‘Anzac for sale: consumer culture, regulation and the shaping of a legend, 1915–21‘, Australian Historical Studies, 46, 1, 2015, pp. 7-26
After the Gallipoli landing on 25 April 1915, the word Anzac began to appear with increasing frequency to brand a range of Australian consumer products, and many traders applied to change the name of their businesses to Anzac. On 25 May 1916, the federal government issued War Precautions Regulations prohibiting the unauthorised use of the word Anzac ‘in any trade, business, calling or profession’. This article explores applications to use the word Anzac for commercial purposes between 1915 and 1921 to argue that consumer culture became a battleground where individuals and groups competed to assert ownership over the word and the social currency it represented. (blurb)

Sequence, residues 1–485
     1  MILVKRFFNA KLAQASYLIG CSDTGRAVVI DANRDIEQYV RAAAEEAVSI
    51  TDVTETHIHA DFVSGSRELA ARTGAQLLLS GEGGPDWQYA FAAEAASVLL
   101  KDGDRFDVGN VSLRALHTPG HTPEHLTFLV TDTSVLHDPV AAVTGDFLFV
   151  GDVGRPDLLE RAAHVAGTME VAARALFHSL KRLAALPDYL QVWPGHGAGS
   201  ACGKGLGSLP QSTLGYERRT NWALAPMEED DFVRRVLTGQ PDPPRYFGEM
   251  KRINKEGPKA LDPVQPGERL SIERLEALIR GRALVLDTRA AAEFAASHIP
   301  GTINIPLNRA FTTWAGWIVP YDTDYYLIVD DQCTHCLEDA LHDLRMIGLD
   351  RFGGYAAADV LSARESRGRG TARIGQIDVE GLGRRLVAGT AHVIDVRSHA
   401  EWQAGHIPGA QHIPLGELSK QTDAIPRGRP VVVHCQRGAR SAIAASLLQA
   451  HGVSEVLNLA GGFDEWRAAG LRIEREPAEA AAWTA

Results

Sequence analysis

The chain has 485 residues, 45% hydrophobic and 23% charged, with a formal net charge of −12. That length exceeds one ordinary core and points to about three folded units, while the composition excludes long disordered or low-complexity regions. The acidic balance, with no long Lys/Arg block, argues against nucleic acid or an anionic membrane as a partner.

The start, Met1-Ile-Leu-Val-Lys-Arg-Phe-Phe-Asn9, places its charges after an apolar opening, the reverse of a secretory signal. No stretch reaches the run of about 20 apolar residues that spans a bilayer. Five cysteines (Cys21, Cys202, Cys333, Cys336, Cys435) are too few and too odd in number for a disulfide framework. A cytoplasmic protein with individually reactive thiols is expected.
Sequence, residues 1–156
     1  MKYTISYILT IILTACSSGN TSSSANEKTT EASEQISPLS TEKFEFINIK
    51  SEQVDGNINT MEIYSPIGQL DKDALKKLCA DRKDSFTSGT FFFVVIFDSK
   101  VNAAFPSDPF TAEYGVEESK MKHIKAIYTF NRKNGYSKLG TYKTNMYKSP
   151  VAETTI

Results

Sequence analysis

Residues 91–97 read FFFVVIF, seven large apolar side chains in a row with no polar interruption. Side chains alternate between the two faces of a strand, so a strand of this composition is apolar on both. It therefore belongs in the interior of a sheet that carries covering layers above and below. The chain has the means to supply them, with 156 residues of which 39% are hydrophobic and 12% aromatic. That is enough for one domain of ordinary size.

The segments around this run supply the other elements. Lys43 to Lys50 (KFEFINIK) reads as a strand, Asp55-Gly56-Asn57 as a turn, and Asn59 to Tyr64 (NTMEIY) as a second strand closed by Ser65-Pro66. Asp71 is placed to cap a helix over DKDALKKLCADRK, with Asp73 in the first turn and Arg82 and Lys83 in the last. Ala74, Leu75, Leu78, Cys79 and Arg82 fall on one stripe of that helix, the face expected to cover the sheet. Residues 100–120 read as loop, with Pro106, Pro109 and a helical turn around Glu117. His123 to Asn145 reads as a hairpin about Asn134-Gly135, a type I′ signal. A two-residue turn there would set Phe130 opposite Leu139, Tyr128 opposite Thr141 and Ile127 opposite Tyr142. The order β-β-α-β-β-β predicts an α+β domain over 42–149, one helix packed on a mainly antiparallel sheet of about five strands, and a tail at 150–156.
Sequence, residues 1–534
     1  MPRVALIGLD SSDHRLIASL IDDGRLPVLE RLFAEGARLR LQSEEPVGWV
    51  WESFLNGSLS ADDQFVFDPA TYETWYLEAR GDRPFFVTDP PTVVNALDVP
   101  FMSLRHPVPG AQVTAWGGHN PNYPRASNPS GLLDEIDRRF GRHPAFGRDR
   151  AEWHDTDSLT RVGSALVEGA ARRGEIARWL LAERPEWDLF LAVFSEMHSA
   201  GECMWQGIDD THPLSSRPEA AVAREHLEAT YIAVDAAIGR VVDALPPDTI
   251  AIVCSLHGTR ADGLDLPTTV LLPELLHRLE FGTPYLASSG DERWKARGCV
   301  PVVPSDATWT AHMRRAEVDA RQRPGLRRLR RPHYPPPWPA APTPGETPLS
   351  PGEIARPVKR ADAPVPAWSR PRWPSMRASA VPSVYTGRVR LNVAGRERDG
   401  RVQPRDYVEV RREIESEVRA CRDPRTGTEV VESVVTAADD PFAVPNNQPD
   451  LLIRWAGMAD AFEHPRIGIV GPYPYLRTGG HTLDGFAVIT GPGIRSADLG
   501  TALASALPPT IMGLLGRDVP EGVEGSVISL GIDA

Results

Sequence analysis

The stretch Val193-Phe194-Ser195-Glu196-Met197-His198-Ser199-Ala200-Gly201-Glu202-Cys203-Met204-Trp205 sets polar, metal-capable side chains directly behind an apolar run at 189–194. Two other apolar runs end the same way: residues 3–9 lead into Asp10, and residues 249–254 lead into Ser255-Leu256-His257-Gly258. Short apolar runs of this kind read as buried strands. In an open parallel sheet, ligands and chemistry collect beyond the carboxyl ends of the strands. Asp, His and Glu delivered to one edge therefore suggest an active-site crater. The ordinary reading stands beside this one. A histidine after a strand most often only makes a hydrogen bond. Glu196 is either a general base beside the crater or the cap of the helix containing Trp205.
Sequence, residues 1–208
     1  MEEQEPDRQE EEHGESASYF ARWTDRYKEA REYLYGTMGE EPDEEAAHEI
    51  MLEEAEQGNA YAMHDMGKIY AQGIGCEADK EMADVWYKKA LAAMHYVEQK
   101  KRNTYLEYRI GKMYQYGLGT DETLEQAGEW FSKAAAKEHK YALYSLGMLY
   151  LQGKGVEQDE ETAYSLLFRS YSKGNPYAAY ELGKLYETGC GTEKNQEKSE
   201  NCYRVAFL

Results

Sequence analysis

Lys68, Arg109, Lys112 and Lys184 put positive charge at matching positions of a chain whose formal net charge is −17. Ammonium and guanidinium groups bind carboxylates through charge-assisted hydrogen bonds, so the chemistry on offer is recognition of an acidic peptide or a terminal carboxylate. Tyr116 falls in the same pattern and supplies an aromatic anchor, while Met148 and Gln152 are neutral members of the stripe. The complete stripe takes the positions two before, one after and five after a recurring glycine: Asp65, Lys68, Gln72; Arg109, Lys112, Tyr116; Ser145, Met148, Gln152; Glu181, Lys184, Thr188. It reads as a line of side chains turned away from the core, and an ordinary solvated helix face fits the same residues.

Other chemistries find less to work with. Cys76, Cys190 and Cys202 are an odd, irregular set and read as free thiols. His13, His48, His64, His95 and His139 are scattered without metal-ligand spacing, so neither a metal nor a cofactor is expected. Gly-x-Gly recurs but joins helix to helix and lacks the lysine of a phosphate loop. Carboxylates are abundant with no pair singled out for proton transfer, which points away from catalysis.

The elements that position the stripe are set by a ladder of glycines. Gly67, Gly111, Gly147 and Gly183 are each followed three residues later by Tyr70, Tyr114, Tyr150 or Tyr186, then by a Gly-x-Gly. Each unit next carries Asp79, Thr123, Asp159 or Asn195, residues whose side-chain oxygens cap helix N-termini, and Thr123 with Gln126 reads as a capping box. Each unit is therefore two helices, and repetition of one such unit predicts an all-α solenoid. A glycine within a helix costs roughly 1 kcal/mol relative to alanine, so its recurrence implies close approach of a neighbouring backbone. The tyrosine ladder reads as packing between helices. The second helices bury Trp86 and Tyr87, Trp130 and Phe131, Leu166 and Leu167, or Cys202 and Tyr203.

The early commercialisation of Anzac may be compared with more recent examples, canvassed in, for example, Carolyn Holbrook’s remarks at the UNSW Canberra Summer School.
This number of Australian Historical Studies is a special edition introduced by Joan Beaumont (‘Remembering Australia’s First World War’), and including, besides Jo Hawkins, Mark Sheftall (‘Mythologising the Dominion fighting man: Australian and Canadian narratives of the First World War Soldier, 1914–39’), Rhys Crawley, (‘Marching to the beat of an imperial drum: contextualising Australia’s military effort during the First World War’), James Cotton, ‘William Morris Hughes, Empire and nationalism: the legacy of the First World War’), Joan Beaumont again (‘Australia’s global memory footprint: memorial building on the Western Front, 1916–2015′) and Margaret Hutchison, ‘Accurate to the point of mania’: eyewitness testimony and memory making in Australia’s official paintings of the First World War’ plus book reviews. Abstracts and previews are available from the link above; full text through institution subscriptions or (at considerable expense) to interested persons.